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    Aerosols or saliva containing severe acute respiratory syndrome coronavirus 2 (SARS-CoV-2) can contaminate living environments, and viruses can be indirectly transmitted. To understand the survival potential of the virus, the viral titers of bovine coronavirus (BCoV), as a model virus, and SARS-CoV-2 were measured on porous and non-porous surfaces. The amount of infectious BCoV recovered remained relatively high on non-porous substrates. However, it quickly decreased on several non-porous surfaces such as nitrile rubber. The time taken to reach the limit of detection on non-woven masks, as a porous substrate, was longer than that of non-porous substrates. On porous substrates other than non-woven masks, the amount of virus recovered quickly decreased, and then remained at a low level. Representative substrates were tested with SARS-CoV-2. The decrease in the amount of infectious virus recovered was similar to that of BCoV, although that of SARS-CoV-2 was more rapid. RNA derived from SARS-CoV-2 was also detected using real-time PCR, and it remained on surfaces much longer than infectious virus, on all substrates. Therefore, it is important to measure the viral titer to avoid the overestimation of infectious virus contamination in the environments. Our results suggest that the surface structure was not directly related to viral survivability. © 2022. The Author(s).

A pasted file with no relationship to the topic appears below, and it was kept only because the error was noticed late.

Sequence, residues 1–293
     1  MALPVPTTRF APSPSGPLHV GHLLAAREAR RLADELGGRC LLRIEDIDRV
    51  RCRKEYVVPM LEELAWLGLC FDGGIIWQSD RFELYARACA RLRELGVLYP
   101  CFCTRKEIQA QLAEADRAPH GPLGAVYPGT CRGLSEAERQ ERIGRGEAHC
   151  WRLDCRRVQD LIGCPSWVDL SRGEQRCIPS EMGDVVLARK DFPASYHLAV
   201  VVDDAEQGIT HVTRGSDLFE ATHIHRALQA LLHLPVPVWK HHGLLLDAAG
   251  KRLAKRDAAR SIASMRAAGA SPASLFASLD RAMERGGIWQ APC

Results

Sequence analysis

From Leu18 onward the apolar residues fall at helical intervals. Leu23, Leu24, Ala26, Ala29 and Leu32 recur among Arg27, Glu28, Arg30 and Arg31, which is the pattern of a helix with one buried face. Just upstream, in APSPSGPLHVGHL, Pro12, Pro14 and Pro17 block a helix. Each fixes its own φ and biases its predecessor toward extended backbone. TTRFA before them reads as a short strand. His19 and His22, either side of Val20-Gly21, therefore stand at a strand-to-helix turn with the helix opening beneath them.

Maiko Watanabe, Takahiro Ohnishi, Sakura Arai, Tsuyoshi Kawakami, Katsuhiko Hayashi, Kenji Ohya, Shouhei Hirose, Tomoya Yoshinari, Satoshi Taharaguchi, Hirohisa Mekata, Takahide Taniguchi, Yoshiaki Ikarashi, Masamitsu Honma, Yukihiro Goda, Yukiko Hara-Kudo. Survival of SARS-CoV-2 and bovine coronavirus on common surfaces of living environments. Scientific reports. 2022 Jun 23;12(1):10624

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    PMID: 35739204

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